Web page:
We recommend having an official, posted public procedure and criteria for conducting your tenant screening process. It should be transparent and applied fairly for each applicant, without bias. Use the same systemized background and credit check for each application transparently and you’ll have one less thing to worry about.

Administrative Risk

Managing an apartment complex is no easy feat. There are countless documents, bills, forms, and reports that constantly need your attention. It’s challenging to manage all this data, let alone format it correctly and promptly.

Some examples of faulty administrative processes are:

  • Inadequate record keeping, leading to missed payments
  • Lack of proper licensing or permits, resulting in fines or legal issues
  • Poor communication, leading to tenant disputes or contractor dissatisfaction
  • Inefficient processes that cause delays in maintenance, rent collection, or other important tasks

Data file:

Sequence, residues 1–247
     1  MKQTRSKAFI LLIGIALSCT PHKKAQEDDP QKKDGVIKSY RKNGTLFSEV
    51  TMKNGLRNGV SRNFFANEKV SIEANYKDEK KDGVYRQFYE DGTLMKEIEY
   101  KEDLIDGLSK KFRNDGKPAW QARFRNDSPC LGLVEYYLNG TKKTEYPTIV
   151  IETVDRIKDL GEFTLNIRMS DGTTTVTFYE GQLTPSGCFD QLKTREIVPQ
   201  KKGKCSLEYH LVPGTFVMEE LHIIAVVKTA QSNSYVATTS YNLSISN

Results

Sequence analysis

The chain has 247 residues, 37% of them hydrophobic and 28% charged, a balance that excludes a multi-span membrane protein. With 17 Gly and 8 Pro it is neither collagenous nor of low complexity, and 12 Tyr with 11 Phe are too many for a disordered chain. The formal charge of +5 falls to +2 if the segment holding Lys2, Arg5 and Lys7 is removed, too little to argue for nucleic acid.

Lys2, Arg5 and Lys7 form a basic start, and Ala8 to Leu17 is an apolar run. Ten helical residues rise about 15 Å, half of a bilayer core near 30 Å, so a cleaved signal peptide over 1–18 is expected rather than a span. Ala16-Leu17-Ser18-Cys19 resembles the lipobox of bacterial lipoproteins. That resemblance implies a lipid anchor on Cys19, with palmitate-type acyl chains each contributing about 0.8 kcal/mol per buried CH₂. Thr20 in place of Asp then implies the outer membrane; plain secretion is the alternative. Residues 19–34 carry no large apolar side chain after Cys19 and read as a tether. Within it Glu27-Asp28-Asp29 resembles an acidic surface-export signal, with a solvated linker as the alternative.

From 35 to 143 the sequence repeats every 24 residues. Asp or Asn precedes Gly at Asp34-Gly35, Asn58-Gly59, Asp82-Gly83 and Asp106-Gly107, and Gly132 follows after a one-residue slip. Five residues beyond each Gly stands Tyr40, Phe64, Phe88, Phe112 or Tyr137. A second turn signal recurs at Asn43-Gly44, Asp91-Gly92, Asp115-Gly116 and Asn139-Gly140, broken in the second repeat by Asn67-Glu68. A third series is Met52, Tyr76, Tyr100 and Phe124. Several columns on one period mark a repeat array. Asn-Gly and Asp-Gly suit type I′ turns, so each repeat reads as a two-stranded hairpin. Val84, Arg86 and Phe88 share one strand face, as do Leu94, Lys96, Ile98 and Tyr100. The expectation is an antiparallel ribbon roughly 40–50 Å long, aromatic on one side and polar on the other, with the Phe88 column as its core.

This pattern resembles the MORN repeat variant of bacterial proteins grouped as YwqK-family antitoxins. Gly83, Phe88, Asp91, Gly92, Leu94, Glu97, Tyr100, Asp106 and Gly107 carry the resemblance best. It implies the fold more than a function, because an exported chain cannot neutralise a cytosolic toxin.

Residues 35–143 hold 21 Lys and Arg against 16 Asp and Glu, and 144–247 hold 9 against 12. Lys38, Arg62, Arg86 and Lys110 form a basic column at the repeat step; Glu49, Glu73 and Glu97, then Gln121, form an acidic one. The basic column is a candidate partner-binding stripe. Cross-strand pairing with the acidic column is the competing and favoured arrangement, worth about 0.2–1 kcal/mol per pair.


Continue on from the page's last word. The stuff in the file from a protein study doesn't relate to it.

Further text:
In order to avoid things slipping through the cracks, you must set up effective systems to store, organize, and analyze all this data. Finding the right software will streamline collaboration and help your team grow.

To Sum Up

Managing multifamily properties can be a minefield with all the different kinds of risks one needs to watch out for — physical, administrative, and tenant-related. But with some vigilance and the right tools, you can take steps to preserve your investment and prevent disruption in your operations. Keep a close eye on your leases, documents, relationships and insurance coverage and you’ll be well-prepared to face any risk that comes your way. Make sure to read more of our advice in our essential tips for property managers guide!